You can use the transistor inside the optocoupler, without any other component from this side, for so low currents ..... the emitter go at the ground ofcourse.

Another way is also better, but it require that you rewire the other op-amp inside the 358 chip, and this is too much complicate for a hobby-level work.

EDIT: remember that this is a "turn-off" modulation ..... when you give the TTL signal, the module turns off.
 
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lazerov

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This is the conceptual schematic:
dxdriverttl.png


Red graph is the input signal, orange - output.

D882 (or 2SD882) wasn't in the component database so I substituted it for BCP68.
BC847A could be substituted for any general purpose NPN transistor.

There probably should be added some capacitors. There were 2 in the original schematic, but I had to remove them because they were causing problems.
As I said, this is only a conceptual simulated design, so any input from somebody more knowledgeable is appreciated.

EDIT: Connecting the Q2's collector to the point between the 20K resistor and the trimmer, as HIMNL9 said, is the better option.
 
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HIMNL9

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@ lazerov: the concept is good but the application can cause some problems, if the current is low ..... taking away the Vref from the source point is better, at this level, cause it grant you a more "zeroed" output, when triggered (also if this can also not be important, with a green module)

But also this solution can work.
 

Freitsu

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Thanks alot, lazerov!
I will do some experimenting with your schematics once the module arrives.

+rep for you! :)
 

HIMNL9

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Just as suggestion, place a 100K resistor between the base of the transistor and the ground, for avoid that some disturbs can turn off your module when the TTL input is left opened ;)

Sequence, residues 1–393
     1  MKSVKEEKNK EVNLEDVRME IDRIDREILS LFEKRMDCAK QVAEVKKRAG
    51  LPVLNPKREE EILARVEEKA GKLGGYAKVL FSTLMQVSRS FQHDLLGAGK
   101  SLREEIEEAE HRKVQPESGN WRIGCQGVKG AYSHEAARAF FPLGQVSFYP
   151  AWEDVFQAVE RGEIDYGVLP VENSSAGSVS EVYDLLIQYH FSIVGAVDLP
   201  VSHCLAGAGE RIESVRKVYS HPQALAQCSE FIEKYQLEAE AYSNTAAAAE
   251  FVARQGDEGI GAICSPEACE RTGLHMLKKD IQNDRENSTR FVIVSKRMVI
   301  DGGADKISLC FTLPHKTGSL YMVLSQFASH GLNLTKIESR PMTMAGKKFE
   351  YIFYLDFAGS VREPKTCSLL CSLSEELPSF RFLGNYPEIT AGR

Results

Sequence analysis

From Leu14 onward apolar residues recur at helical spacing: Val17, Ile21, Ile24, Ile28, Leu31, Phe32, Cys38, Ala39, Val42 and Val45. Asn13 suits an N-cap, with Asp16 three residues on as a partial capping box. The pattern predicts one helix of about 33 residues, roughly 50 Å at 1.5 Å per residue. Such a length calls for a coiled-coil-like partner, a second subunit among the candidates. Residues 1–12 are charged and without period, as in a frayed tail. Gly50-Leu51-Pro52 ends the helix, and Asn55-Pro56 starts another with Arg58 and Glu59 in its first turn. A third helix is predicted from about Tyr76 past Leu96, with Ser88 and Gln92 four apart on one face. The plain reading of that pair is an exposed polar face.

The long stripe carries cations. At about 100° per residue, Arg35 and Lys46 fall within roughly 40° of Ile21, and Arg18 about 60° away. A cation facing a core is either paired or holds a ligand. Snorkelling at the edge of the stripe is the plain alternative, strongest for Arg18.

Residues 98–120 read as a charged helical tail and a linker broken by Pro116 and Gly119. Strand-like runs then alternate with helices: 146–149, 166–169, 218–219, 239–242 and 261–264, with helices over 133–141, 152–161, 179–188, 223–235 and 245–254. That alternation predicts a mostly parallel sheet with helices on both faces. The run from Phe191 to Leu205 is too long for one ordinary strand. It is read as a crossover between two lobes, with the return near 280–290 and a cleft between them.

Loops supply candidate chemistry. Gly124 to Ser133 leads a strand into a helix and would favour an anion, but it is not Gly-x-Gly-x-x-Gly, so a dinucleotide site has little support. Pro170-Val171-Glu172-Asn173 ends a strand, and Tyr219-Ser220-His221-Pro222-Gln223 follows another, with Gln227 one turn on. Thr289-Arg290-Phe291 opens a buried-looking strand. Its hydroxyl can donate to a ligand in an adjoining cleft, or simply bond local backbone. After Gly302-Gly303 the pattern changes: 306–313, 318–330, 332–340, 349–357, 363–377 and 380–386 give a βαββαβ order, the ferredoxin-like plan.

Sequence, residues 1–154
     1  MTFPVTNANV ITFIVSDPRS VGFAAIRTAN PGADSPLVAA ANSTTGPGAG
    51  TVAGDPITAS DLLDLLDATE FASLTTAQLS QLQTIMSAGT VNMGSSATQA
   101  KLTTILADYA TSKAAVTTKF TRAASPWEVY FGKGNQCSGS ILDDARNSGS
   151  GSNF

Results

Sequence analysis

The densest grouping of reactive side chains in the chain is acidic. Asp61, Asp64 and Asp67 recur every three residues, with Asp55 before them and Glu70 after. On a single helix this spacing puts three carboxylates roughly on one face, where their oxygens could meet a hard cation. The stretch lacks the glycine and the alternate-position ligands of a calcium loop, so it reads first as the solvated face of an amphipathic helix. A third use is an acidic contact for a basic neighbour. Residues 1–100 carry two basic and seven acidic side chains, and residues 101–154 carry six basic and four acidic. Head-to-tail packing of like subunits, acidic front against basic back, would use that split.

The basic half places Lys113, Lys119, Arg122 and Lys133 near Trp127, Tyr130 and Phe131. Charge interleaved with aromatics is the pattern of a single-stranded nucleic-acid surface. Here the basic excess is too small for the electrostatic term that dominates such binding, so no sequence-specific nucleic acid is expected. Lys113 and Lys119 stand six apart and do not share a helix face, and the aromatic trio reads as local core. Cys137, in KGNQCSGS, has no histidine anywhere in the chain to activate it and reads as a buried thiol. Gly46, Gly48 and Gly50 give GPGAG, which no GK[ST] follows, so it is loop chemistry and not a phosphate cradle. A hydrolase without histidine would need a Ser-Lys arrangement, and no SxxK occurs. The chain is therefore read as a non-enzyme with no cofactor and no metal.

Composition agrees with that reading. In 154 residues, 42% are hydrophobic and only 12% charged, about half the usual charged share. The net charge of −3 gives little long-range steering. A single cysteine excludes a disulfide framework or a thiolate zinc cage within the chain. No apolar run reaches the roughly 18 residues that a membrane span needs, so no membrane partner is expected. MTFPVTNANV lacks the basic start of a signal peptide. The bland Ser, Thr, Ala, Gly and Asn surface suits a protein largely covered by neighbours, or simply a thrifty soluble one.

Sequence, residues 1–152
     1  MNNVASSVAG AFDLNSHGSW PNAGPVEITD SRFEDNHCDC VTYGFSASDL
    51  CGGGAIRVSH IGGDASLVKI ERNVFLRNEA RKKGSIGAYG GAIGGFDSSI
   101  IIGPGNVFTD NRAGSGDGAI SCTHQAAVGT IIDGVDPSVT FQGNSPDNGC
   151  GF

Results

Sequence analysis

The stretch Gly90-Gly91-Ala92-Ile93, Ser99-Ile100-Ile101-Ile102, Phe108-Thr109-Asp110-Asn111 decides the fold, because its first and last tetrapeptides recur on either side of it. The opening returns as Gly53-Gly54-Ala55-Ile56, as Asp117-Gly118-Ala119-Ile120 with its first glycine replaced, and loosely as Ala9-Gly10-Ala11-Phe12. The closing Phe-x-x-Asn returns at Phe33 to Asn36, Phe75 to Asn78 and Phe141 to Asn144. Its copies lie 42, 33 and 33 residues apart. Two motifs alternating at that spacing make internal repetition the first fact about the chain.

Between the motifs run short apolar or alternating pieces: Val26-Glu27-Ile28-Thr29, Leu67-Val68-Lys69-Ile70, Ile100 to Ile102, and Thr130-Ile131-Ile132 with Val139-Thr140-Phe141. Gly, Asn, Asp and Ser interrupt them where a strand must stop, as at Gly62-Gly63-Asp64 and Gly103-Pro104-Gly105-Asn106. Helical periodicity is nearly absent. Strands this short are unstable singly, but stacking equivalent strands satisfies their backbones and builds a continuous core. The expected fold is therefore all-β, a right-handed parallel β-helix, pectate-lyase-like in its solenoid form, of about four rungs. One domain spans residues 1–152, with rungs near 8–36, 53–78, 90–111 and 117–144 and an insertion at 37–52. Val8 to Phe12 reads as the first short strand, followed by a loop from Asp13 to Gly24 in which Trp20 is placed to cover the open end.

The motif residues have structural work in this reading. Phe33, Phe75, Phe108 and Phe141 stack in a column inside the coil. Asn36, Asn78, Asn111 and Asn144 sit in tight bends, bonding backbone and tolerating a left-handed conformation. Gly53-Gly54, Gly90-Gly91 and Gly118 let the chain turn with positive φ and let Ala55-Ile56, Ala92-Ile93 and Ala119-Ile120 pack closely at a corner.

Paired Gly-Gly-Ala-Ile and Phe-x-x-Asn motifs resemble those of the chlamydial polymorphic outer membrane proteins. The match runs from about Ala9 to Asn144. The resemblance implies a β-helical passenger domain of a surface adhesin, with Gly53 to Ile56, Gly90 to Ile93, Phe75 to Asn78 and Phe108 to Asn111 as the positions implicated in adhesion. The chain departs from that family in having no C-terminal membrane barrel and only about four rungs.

lazerov

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Thanks alot, lazerov!
I will do some experimenting with your schematics once the module arrives.

+rep for you! :)
Thanks!

I strongly advice you to use a test load (2x 1N4001-1N4007 diodes) in case something goes wrong.
An oscilloscope, if you have one, would be very useful for monitoring the output waveform.
 

Freitsu

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HIMNL9, pulldown resistor isn't that bad idea actually...

I will check the output signal with my vintage 20MHz o-scope before connecting LD :)
 

Benm

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This is the conceptual schematic:
dxdriverttl.png

EDIT: Connecting the Q2's collector to the point between the 20K resistor and the trimmer, as HIMNL9 said, is the better option.

Actually, connecting Q2 over the TL431 is an even better option in terms of 'lowest off current' achieved. You always have the C-E voltage drop of the transistor to consider, which is a few 100 mV typically in saturation. If you connect it over the voltage reference, that would result in a difference between on and off currents by a factor of 10 or so.

This is more then sufficient to get below the pump diode treshold, and surely below what the crystal set needs to provide any green light.

I'd also suggest running the whole thing with a 5 volt power supply so the LM358 has some more room to work with, substituting R6 with a slightly larger resistor (2k2 or so).

Also: put some decoupling capacitors on the power rail, so the current draw from the laser diode doesnt mess with the reference voltage. I'd suggest 100 uF and 10 nF in paralel or something similar.


The concept in gerenal will surely work - i've build several very similar drivers, but used ttl to pull up on R6 instead of using a transistor to shut down the voltage reference. This results in reversed behaviour, in the sense that the laser will then turn on only when a TTL signal is applied. Most laser show software allows invert-blanking so both solutions will work in real applications.